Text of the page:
COTANGENT – By Daphne Cardillo
The way manufacturers spill out the market with perishable consumer items it is no wonder that our surroundings have accumulated such vast collection of waste. In due time, the earth will simply become a big pile of garbage.
An ordinary umbrella that used to serve you for a few years now only serves you for a few months. It’s not even made of plastic. But the very thin sheet of tin in that simplified frame easily cracks with daily use on rainy days. Even with the still good cover, your option is to throw the barely used umbrella since the cost of labor for fixing it is half the price of a new one. Besides, a soldered umbrella won’t take you far especially if the frame is literally weak. As a consequence, you buy at least once or twice a year for each kid who goes to school.
Another perishable item that is of practical use is the alarm clock. Even without exposure to the rain or sun and suffers only a little handling, still it would cease to function anytime without notice. You’re not even given the chance to change batteries. The few ones I dismantled in order to check their defects, I acquired a collection of gears made of plastic. At least one alarm clock had only its hands and dial thrown to the garbage. The outer design made for a good picture frame.
But what really alarmed me was the new machine installed in my old wall clock. A wall clock I got in 1985 stopped running after fourteen years. When I had it checked, moisture had seeped inside the machine causing the parts to rust so it needed replacement. However, the new machine suddenly ceased to function after six months. A black ant got inside, died, and simply stopped the whole mechanism. What I cannot understand is that why no black ant got inside the old machine in fourteen years. So for the better of me, I salvaged a broken wall clock from my sister and had its seven-year old machine installed in my old clock.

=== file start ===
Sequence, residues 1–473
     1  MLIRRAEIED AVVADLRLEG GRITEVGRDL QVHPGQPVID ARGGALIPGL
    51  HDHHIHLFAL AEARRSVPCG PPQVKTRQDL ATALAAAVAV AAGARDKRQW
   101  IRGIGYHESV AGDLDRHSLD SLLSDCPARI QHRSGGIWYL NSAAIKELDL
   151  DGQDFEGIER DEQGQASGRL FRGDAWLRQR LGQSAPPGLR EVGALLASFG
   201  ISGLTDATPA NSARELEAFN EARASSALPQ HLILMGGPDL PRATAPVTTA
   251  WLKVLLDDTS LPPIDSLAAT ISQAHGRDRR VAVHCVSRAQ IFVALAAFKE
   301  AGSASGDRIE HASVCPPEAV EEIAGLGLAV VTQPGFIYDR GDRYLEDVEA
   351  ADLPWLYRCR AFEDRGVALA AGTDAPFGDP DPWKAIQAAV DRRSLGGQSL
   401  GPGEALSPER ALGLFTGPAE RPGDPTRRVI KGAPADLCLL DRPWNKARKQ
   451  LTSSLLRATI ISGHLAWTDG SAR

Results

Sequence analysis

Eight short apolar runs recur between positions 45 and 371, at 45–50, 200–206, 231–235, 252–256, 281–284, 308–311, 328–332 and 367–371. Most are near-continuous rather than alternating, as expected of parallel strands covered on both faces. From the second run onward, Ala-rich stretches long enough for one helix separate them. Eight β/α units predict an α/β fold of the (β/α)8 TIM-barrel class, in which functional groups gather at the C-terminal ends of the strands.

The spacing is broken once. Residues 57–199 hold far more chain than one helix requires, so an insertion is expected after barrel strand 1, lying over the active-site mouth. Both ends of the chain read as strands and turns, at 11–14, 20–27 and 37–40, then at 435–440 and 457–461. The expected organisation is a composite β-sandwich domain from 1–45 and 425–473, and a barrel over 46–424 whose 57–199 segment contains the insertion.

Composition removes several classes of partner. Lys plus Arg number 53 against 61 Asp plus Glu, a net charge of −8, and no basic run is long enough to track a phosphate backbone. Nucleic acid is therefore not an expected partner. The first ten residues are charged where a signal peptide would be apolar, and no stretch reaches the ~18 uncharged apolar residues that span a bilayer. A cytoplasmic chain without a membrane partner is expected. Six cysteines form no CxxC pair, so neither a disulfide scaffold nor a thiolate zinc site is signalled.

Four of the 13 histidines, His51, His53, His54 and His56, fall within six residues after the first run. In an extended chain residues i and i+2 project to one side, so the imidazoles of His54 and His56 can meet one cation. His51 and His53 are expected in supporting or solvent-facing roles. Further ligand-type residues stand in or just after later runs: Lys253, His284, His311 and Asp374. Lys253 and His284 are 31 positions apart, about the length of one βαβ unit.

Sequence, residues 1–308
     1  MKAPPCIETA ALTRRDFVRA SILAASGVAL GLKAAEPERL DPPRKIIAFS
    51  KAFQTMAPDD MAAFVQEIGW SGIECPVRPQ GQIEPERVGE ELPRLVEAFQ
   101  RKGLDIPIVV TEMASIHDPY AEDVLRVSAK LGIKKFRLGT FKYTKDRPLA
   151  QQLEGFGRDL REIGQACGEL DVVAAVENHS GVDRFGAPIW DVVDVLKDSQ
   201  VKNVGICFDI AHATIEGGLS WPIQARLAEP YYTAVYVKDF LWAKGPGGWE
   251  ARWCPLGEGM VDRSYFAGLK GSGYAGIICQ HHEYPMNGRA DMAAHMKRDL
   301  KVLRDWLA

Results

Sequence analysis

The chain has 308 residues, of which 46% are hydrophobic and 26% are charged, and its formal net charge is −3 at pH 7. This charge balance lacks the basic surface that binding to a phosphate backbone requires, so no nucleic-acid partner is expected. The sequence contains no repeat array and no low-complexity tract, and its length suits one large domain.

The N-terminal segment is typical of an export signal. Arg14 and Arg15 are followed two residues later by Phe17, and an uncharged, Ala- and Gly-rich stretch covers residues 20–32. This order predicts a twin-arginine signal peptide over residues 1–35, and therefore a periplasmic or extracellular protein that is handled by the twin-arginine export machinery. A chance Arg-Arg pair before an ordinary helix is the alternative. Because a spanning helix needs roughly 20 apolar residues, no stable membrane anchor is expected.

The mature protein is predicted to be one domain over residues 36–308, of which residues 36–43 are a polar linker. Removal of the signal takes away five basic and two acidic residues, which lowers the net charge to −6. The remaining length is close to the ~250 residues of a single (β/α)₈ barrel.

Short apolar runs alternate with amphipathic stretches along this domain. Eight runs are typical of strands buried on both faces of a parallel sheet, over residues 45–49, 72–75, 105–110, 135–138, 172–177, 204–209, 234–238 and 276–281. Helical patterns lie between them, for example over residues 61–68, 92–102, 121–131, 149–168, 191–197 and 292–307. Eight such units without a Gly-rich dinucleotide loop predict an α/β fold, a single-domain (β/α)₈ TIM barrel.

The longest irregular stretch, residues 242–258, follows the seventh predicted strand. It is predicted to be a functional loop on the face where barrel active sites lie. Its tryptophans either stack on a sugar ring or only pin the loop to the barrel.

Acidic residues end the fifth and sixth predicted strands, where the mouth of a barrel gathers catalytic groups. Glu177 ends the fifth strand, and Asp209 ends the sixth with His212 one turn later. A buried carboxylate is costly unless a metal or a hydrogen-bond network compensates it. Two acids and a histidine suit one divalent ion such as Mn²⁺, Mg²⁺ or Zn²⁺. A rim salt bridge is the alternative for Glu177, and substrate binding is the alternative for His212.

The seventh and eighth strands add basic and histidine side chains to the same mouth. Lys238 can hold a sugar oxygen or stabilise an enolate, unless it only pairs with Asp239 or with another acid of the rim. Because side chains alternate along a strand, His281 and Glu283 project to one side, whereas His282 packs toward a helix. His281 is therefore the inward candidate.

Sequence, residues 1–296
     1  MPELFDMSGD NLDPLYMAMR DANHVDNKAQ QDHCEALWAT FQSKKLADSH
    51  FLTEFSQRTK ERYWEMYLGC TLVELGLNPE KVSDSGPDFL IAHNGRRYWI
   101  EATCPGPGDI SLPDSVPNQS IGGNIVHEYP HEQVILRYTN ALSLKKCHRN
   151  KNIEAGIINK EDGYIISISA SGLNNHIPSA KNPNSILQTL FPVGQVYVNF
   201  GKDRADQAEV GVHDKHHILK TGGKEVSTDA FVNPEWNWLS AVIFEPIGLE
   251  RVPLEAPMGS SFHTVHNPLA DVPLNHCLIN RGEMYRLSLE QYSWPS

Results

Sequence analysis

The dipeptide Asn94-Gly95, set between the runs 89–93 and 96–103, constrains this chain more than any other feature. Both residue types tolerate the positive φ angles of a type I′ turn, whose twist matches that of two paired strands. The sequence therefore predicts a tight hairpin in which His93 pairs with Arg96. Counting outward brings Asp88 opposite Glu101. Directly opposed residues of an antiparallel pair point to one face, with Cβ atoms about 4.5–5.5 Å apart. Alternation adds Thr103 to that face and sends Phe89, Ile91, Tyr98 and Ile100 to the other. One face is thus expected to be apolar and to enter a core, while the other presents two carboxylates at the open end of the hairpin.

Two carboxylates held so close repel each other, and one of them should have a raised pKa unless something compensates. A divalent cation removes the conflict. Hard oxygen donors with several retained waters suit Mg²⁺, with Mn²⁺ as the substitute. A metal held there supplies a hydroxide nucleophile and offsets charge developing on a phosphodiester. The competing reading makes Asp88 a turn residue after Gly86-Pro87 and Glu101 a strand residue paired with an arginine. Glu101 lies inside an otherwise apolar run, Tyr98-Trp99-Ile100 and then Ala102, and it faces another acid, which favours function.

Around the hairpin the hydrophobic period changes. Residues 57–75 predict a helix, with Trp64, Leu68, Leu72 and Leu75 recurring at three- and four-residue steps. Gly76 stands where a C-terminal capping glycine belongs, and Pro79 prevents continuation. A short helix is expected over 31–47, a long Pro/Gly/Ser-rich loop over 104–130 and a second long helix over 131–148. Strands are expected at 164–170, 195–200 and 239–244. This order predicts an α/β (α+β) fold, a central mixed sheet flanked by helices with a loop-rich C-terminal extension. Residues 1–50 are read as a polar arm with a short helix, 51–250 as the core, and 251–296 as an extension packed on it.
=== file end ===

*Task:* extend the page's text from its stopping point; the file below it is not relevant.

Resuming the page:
What I’ve mentioned are only the smaller items, but the bulkier ones are the electric fans and other small household appliance. Give them three years at most. Even the major appliances are lining up for instant garbage. Gone are the days when refrigerators would last for fifteen or more years. So are the gas ranges where the tubes and pipes were made of hard metal.
But the notably perishable ones are the electronic items. You stop using one for a day and it will stop forever. They’re so sensitive to the touch, outside temperature, and fluctuating electric current. They also have to be used regularly. From toys to housing and office equipment they make up a great bulk of our accumulated garbage.
In a simple household, the acquisition of these short lived items contributes to the oversupply of waste. In the same manner the cycle keeps one at the subsistence level. You will only realize that after forty years of hard work and low pay, what you have acquired for your household is a stove, a flat iron, a ref and a TV set, a music player and electric fans that have all been replaced many times over in your earning capacity years.
Modern life indeed has much to offer, most apparently of which is instant garbage.